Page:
May 29, 2017 | Posted by Peter Jakobsen | FILM, MUSIC, Opera, OPERA, THUMBNAIL REVIEWS, WAGNER |

At the Met (2013) (DVD 2014) “Laughter, cries of fury and howls of anguish rang out intertwined and tangled, blood flowed everywhere, nails dug bloodily into fat flesh. With a feeling of sorrow and depression Klingsor awoke for a few minutes. His eyes, wide open, stared at the bright gap in the wall. The faces of the embattled women still lingered, and he recognized and named many of them…in a hoarse voice, still caught up in the dream, he said: “Children, stop it! You’re lying you know, you’re deceiving me, you know; it’s not each other you should be tearing…

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BDS on Wagner

May 16, 2017 | Posted by Peter Jakobsen | HISTORY, MUSIC, POLITICS, Ulalume, WAGNER |

Forget the picket at Max Brenner’s, the Jewish chocolatiers!  There’s a Boycott Divestment and Sanctions Movement against the playing of Wagner‘s works in Israel.  We learn from an interesting piece in ‘The Australian’ of 13 May 2017, by Vic Alhadeff, the chief executive of the New South Wales Jewish Board of Deputies, that there is a longstanding unofficial ban, despite recent attempts to overcome it by such luminaries as Daniel Barenboim. Mr Alhadeff refers, as part of his case, to the repulsive pamphlet, “Jewry in Music” which is certainly strident and virulent, but might more properly be seen as a reflection of Wagner’s…

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How Much I Lied

(Image by Jo Kuehn)

THE LIEDER TRADITION Schubert’s Winter Journey – Anatomy of an Obsession by Ian Bostridge (2015) Deborah Humble sings Wagner & Brahms (Adelaide, 11 February 2017) The German lieder tradition sets romantic poetry to music and performs it with raw emotion, usually to a very simple musical accompaniment such as piano or guitar.  It is a broader part of a long line of love songs, from the French troubadours like Villon to the German lieder composers up to and in the nineteenth century, all the way to Tin Pan Alley and the torch songs floating out the windows of the Brill Building.  And beyond – modern pop songs have often…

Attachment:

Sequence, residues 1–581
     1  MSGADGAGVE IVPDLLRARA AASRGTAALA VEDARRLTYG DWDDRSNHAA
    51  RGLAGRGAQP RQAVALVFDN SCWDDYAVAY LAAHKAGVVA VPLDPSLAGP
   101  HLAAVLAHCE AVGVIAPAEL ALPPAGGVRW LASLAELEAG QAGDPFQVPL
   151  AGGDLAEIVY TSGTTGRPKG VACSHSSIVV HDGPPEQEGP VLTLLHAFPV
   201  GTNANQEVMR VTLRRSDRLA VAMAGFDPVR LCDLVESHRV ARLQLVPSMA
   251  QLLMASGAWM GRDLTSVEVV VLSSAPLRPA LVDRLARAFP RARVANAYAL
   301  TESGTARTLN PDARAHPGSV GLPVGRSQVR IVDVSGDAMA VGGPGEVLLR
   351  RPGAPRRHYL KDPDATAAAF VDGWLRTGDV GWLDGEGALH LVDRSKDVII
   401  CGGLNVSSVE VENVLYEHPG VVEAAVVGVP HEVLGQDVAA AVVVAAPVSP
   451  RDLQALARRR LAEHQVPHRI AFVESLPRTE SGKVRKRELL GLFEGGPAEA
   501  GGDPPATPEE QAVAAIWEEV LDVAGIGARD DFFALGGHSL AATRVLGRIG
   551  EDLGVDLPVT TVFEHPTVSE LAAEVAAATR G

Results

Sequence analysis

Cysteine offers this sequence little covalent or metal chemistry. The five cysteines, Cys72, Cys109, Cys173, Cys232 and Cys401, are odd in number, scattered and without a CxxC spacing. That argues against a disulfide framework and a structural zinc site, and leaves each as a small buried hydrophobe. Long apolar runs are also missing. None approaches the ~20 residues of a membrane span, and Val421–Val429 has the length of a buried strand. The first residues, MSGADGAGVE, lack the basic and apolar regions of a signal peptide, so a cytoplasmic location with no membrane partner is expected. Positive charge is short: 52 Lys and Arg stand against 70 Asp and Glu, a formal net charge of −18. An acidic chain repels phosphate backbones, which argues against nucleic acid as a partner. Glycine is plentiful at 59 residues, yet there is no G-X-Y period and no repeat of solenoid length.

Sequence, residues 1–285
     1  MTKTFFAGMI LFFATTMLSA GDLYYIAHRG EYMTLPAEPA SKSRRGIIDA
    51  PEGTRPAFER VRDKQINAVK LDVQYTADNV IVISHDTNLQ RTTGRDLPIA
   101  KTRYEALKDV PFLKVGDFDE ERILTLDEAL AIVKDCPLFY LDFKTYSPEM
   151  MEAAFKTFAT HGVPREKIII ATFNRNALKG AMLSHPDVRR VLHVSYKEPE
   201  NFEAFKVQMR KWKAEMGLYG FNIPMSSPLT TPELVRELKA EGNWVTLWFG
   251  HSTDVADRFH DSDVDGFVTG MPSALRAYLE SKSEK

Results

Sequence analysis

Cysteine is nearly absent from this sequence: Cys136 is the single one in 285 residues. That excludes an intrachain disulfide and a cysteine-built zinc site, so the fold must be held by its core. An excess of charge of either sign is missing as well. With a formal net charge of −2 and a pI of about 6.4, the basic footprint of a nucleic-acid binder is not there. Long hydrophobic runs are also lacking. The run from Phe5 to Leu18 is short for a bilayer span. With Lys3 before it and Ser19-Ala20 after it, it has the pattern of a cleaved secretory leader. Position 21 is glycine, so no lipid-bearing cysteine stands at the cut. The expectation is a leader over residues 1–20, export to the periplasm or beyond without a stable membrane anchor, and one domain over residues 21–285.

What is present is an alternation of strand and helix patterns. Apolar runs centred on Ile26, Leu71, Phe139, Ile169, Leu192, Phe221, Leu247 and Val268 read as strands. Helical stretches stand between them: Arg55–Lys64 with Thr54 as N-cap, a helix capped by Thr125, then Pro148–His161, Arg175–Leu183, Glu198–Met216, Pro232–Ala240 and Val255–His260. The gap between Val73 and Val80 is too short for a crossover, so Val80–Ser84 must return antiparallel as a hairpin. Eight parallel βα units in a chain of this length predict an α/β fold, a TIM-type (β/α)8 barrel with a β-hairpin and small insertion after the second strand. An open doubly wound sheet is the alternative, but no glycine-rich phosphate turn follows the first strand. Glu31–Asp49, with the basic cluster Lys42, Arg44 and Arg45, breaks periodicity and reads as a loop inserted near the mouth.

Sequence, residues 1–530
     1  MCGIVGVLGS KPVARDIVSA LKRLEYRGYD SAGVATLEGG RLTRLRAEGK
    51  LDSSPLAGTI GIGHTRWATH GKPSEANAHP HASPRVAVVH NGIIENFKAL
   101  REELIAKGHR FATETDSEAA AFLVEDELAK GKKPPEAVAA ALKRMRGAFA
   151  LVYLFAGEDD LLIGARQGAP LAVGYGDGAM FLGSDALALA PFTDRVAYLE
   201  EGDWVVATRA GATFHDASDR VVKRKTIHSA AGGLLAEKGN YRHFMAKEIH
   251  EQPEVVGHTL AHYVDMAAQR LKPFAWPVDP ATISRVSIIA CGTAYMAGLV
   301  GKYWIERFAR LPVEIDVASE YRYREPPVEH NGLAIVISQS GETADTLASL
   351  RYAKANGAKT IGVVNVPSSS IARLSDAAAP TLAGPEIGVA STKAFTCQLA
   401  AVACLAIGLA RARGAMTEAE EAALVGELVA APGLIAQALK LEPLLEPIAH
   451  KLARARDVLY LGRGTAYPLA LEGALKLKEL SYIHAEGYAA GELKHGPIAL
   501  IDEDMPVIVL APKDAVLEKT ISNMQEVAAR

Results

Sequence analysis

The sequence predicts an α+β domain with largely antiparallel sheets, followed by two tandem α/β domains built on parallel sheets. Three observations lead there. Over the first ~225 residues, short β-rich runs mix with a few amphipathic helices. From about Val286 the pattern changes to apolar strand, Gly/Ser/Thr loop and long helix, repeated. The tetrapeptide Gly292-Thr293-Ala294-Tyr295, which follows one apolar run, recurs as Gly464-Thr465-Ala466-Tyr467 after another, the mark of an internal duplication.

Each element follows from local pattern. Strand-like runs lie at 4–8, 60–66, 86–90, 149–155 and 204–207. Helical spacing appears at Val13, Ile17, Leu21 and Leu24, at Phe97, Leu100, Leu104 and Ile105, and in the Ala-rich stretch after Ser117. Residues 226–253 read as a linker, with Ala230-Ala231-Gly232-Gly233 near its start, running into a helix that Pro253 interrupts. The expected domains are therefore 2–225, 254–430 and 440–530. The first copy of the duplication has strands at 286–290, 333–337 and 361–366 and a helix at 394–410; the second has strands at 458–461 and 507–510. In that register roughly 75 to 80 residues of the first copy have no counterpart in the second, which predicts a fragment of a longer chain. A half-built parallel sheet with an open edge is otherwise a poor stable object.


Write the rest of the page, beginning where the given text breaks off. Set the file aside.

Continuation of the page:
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Visconti’s Ludwig

January 27, 2017 | Posted by Peter Jakobsen | Drama Film, FILM, HISTORY, THUMBNAIL REVIEWS, WAGNER |

(Dir. Luchino Visconti) (1972) Ludwig II of Bavaria led a life of the mind and was a genuine original in a time of puppet kings and jumped-up Germanic principalities.  Therefore a period film of his tumultuous life, his reluctant ascension, his shaky romances, his celebrated patronage of Wagner, the night train and sleigh rides to nowhere, his decline into madness, his mysterious death…all sumptuously filmed in situ by the consummate Luchino Visconti, director of masterpieces such as La Terra Trema,  Senso, The Leopard, Death in Venice…couldn’t miss, right? Wrong.  It looks terrific, and Helmut Berger suggests something of the King’s inner torment,…

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Wagner by Michael Tanner

Science has proved that books on Wagner’s life and works would more than fill the Grand Canyon.  It is therefore necessary to be discriminating (in a good way) as to what reading matter on the Maestro you choose to buy, beg, borrow or steal.  Michael Tanner is a perceptive opera critic of good standing, an unapologetic Wagnerite, and his little book on the subject of Wagner’s work is a lucid and concise presentation of his views on Wagner’s raison d’être and the dimensions of his achievement. Despite tending to present difficult concepts in convoluted, laborious language (the hallmark of the professional philosopher,…

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